And that’s not the only cautionary message in play. While Chucky’s capacity to rebel against his benign nature came courtesy of the Vietnamese factory where he was made (a suicidal technician turned off all his safeguards), Chucky learned to kill—and his first teacher was, ironically, an R-rated, schlocky horror movie. Chucky watched Andy (his 14-year-old owner) and his friends laugh their way through that film (where are these kids’ parents, anyway?), and he deduced that death and gore could bring about happiness. It’s a cautionary message that could’ve come right from Plugged In: the idea that we sentient beings are influenced by the entertainment we consume (if not so drastically as Chucky).
Meanwhile, Andy and his mom, Karen, are struggling to make a new start, but they do their best to support each other. It’s tough sledding, but Detective Mike, whose mother lives on the same floor as Karen and Andy, does his best to help out. Naturally, some folks risk their lives for others when the killing starts.
Mike’s mom, Doreen, seems to be a Christian. She wears a cross around her neck and in a moment of extreme peril, she screams, “Help me Jesus!”
Andy tells his mom that he hasn’t unpacked yet because he’s considering what would be best for the apartment’s feng shui (the Eastern spiritual discipline of home design and décor).
Gabe, the apartment’s creepy maintenance guy, has cameras installed in most of the apartments, including one in Karen and Andy’s bathroom. He, and we, see Karen in the black-and-white footage—once wrapped only in a towel, another time in just a bra and underwear. (We see her from the rear and watch as she undoes her bra strap.) Gabe, as we gather from his dialogue and heavy breathing, lives for voyeuristic moments such as these.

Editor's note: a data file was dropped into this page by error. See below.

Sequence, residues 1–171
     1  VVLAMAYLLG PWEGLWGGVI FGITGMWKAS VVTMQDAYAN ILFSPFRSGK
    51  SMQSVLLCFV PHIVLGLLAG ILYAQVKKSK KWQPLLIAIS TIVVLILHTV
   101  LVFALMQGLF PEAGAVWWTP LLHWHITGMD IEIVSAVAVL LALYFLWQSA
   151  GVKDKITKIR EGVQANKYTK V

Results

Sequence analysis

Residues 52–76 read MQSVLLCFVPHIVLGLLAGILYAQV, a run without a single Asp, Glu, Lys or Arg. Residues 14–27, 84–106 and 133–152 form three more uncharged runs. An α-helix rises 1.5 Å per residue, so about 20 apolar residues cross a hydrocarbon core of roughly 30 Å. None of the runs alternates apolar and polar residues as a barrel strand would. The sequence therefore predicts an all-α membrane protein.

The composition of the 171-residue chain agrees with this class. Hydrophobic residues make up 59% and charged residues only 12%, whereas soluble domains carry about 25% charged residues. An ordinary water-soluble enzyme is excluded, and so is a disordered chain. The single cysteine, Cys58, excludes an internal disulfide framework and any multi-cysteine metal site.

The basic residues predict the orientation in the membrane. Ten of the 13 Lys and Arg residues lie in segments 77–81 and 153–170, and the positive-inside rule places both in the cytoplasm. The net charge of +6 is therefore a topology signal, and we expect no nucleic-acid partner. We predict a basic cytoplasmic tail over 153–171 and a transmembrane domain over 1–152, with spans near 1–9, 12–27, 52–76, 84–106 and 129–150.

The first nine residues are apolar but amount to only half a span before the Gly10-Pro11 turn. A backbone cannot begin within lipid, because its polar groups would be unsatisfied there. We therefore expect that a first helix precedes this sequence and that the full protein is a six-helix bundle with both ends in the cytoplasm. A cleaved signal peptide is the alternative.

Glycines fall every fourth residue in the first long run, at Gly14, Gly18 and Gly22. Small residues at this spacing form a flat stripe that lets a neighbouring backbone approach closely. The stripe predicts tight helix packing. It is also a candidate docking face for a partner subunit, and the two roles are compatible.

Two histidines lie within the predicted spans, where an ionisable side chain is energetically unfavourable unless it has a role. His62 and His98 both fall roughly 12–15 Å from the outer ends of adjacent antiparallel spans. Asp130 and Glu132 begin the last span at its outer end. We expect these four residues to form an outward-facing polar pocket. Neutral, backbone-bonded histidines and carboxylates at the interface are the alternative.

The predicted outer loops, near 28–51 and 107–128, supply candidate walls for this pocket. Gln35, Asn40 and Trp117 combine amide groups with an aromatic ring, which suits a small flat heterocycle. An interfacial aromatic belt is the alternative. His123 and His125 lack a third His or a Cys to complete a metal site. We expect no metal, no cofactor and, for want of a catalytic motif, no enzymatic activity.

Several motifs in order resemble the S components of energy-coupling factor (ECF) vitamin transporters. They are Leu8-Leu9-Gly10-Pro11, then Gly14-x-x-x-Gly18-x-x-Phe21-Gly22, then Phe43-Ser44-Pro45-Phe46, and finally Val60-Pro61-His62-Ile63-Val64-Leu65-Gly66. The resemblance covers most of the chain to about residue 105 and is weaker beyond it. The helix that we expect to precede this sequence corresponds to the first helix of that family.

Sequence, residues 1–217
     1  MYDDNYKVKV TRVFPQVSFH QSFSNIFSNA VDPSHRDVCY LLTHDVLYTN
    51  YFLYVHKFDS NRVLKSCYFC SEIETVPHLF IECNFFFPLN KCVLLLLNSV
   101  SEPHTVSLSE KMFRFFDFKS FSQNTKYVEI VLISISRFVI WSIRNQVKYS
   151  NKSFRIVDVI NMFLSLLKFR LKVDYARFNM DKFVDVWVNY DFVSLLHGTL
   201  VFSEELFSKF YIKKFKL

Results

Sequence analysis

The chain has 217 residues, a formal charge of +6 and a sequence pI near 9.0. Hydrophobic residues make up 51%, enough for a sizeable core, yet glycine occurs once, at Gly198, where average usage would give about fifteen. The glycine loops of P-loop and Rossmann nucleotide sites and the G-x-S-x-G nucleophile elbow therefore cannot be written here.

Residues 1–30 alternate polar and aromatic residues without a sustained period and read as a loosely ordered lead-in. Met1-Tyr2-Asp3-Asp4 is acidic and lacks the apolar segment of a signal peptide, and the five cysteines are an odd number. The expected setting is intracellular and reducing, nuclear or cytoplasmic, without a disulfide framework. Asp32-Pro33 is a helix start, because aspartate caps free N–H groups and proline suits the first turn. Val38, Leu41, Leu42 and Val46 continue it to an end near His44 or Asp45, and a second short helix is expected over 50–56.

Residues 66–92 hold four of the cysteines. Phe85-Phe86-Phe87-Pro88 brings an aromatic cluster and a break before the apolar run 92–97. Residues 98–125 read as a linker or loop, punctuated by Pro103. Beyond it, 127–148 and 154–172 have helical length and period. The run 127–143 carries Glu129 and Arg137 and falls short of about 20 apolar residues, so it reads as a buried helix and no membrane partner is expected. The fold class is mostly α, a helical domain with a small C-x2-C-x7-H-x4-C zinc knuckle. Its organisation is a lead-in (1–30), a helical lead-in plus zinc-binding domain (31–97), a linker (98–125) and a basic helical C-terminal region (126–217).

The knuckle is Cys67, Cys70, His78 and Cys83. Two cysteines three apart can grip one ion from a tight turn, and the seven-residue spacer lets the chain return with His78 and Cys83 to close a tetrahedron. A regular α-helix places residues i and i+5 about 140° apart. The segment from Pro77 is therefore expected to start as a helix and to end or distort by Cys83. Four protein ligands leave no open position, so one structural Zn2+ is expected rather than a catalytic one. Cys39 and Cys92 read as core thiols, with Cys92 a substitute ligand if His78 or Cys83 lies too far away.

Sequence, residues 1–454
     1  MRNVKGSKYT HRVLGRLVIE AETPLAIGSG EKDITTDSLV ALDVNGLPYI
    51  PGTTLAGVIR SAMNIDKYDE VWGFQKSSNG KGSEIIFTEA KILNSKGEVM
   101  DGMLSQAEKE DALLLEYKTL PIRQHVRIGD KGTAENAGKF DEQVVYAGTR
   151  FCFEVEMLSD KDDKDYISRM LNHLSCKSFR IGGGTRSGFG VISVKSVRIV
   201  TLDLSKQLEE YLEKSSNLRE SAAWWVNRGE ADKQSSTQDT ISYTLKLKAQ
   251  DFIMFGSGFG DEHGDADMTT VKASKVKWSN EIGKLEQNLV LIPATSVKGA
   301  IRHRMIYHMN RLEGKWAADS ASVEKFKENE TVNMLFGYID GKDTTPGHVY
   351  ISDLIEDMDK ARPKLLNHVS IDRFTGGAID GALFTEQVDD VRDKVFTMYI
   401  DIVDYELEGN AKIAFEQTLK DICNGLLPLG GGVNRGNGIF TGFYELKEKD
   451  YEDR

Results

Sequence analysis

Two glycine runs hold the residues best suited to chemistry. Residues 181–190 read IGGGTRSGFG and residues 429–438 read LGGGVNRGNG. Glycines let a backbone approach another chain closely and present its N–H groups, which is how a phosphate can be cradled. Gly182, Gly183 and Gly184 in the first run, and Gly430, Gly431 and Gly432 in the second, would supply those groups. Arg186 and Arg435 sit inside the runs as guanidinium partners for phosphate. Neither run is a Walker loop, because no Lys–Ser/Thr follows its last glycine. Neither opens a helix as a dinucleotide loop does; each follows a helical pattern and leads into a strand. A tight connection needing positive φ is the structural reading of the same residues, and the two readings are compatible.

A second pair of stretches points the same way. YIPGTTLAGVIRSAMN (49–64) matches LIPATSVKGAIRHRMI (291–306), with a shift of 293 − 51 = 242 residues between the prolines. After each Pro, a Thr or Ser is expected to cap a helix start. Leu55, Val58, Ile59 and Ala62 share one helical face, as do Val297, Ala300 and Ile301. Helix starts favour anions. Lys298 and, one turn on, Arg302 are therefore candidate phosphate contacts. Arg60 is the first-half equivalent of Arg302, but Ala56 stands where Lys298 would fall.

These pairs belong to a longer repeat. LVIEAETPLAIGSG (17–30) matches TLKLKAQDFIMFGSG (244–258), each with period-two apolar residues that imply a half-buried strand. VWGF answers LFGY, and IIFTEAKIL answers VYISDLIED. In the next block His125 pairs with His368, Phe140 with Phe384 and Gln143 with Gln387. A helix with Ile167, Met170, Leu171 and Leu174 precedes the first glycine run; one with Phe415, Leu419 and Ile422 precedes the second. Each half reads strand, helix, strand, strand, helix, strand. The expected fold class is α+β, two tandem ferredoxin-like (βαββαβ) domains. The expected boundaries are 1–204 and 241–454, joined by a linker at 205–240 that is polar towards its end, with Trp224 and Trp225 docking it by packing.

Karen has a boyfriend, Shane. Andy walks in on them making out while standing up. (Both are fully clothed, but Karen’s leg is positioned in such a way as to suggest that they were about to have sex.) Another time, Andy comes home just as the two walk out of (presumably) their bedroom, with Shane buckling his belt. [Spoiler Warning] We should note that Shane is married and has two small children. Karen’s a side fling for him.
Karen blackmails a coworker in order to bring home Chucky (then just an innocent “Lil Buddi” doll), reminding the man that she knows about his affair. (After taking the doll, she suggestively tells the guy to say hello to his wife for her.) When someone asks how Karen has such an old son, Karen quips that she had a “very productive sweet 16.” One of Andy’s friends looks at Karen and tells Andy that his sister is “hot.” “That’s my mom,” Andy corrects him. “Even hotter,” the friend says.
Chucky’s “birth,” if you want to call it that, is connected to his maker’s death. Shortly after the Vietnamese worker gets bawled out at work, he turns off all of the doll’s safety devices and jumps to his death. (We see his body land on a car.)